Warning: This article contains spoilers for the fifth episode of Batwoman, titled “Mine Is a Long And a Sad Tale.”

Alice’s backstory is definitely creepier than expected.

In Batwoman‘s latest episode, Alice (Rachel Skarsten) revealed to Kate (Ruby Rose) that she was held captive in a cabin after the fatal car crash that killed their mother when they were 13. A creepy man found her on the side of the water and brought her home so that his son Johnny, whose face was severely disfigured, would have a friend. Even though she was scared for her life, Beth ended up befriending Johnny and nicknamed him Mouse. Flash-forward many years later, Alice has finally reunited with Mouse, who was locked up in Arkham Asylum for stealing faces off of corpses until the “Elseworlds” prison break. With Mouse’s help, Alice will get her revenge on her family and Gotham City. (Read EW’s full recap here)

Below, EW chats with Skarsten about how Alice’s backstory impacts her vengeful plan as the season progresses and more.

Mine Is a Long And a Sad Tale
Credit: Robert Falconer/The CW

ENTERTAINMENT WEEKLY: How heavily does Mouse figure into Alice’s plan for Gotham and the Kane family?
RACHEL SKARSTEN: He’s a very important part of her plan. There’ll even be a scene where she will say to him, “I can’t do this without you.” All of the years that Alice [was in] captivity, most of them were spent (after her sort of break with reality) planning this great, grand plan and scheme that she has to enact revenge and to bring Kate over to her side, and Mouse was definitely a very important part of all of those things. So it’s interesting because then you see this other relationship. You find Kate, who’s kind of caught between her father and her sister, and now we’ll start to see Alice be caught between her two sort of siblings in Mouse and Kate.

In episode 2, Alice went after Kate’s stepsister Mary at least partially out of jealousy, and it’s clear she isn’t happy that Jacob and Kate found this new family after her disappearance. Now, we find out that Alice also formed her own new family while she was away, too.
Absolutely. I really like the character of Mouse because I think after any trauma, there’s a part of you that stays the age that it happened. I just amplified that with the actor who plays Mouse, Sam Littlefield. So you see this very childlike quality to their relationship and this kind of innocence, even though the words coming out of their mouth are so maniacal. To them it’s like they’re just playing in the basement still. That’s been really interesting for me to have that element to Alice as well.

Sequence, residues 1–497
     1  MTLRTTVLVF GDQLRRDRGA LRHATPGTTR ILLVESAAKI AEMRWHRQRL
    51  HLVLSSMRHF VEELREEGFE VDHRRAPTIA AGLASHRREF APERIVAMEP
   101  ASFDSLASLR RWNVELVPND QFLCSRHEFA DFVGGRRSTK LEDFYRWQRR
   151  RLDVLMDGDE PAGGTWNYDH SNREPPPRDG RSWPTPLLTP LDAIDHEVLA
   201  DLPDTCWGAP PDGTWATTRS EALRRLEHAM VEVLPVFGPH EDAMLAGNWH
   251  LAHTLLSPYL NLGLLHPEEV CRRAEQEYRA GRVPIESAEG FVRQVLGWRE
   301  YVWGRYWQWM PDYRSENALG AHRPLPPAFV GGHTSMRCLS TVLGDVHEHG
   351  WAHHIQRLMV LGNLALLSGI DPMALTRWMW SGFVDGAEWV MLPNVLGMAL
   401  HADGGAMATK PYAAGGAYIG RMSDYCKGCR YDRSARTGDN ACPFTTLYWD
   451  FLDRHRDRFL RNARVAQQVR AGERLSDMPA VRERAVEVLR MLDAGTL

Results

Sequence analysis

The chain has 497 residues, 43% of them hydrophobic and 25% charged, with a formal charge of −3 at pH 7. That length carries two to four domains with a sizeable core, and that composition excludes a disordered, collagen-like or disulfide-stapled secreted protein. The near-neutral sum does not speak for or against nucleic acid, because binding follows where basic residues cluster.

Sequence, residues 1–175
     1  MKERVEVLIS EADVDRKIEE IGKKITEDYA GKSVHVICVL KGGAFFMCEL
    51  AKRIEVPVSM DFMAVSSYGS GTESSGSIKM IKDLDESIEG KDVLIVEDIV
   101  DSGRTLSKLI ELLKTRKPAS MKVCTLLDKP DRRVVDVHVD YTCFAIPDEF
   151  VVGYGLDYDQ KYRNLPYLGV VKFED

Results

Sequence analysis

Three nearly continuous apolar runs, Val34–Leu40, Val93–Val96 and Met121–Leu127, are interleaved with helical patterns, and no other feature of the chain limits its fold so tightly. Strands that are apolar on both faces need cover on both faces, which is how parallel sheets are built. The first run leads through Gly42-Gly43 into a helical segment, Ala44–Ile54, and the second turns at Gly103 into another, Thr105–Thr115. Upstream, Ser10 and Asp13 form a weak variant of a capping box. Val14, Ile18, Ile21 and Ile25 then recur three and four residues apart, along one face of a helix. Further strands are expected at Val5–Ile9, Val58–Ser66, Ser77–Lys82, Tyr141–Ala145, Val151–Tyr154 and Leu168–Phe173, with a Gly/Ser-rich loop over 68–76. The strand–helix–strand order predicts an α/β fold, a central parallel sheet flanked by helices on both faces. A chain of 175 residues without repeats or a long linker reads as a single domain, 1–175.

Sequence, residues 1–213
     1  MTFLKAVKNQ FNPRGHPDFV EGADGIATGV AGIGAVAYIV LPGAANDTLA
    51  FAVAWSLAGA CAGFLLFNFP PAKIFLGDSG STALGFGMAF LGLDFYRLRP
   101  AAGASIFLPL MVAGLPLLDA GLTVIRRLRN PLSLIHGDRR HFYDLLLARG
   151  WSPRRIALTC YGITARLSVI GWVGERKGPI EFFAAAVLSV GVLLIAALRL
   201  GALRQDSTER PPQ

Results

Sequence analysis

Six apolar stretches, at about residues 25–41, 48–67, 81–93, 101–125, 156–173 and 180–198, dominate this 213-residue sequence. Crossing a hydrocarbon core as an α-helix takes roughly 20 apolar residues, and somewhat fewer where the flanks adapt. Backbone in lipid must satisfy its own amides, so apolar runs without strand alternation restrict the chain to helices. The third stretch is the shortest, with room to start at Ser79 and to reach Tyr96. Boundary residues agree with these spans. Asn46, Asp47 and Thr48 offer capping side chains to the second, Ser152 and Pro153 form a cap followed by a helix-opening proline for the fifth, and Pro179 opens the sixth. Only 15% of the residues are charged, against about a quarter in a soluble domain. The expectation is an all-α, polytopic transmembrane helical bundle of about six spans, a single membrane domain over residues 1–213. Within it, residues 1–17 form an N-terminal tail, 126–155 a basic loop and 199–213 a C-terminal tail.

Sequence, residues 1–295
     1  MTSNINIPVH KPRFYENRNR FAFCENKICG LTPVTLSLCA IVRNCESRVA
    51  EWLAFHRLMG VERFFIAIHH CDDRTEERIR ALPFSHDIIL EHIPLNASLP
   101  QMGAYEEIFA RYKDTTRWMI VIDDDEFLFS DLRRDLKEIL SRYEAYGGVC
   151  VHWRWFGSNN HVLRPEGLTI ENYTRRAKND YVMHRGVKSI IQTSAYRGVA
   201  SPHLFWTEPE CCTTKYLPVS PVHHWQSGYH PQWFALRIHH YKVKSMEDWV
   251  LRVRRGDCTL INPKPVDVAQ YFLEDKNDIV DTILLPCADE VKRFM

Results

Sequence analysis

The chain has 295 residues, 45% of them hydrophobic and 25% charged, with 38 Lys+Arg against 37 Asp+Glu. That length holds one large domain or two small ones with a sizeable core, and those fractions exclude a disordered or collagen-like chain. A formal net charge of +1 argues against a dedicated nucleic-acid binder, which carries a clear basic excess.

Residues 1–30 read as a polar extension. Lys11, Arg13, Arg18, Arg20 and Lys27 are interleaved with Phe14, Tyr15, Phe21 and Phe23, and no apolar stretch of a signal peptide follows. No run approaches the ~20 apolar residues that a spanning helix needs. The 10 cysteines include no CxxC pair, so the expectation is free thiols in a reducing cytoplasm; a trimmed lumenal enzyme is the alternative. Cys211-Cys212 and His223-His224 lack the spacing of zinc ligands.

Alice promises Mouse that she can help become whoever he wants to be. Can we expect Mouse to jump through different identities with Alice’s help?
Yes, we can expect that Mouse’s history and past, obviously with the different faces, will be utilized both by Mouse and Alice and in their plans going forward, 100 percent.

Mine Is a Long And a Sad Tale
Credit: Robert Falconer/The CW

When Alice first sees Jacob in the episode, she seems genuinely moved that he calls her Beth right before she stabs him. Do you think there’s part of Alice that is conflicted about what she has in store for her family?
In my version of Alice as I create her, 100 percent. The craziest part about Alice is that there are very much two people who exist within the same mind and body and spirit, and that is why in my mythos of Alice, she is redeemable but also why she is so scary and insane. Within the flip of a coin, one moment she will genuinely be in that moment with her father and loving him and sort of getting what she had needed for years and years and years, and the next moment she’s stabbing him. It’s my favorite part of Alice because you never really know which Alice you’re standing with. To me, that moment, yes, it was 100 percent genuine. That’s what she’d been waiting for so many years.

There’s still a huge gap in Alice’s backstory. Do you know if we’ll learn more about what happened after Alice and Jacob left the house without finding her?
We will delve in as the season progresses even more into the sort of blank space in Alice’s life and see a little bit more of what happened, and some of the characters will come back from that time and they are in present-day very much involved in Alice’s plan for Gotham and for the Kane family going forward.

Batwoman airs Sundays at 8 p.m. on The CW.

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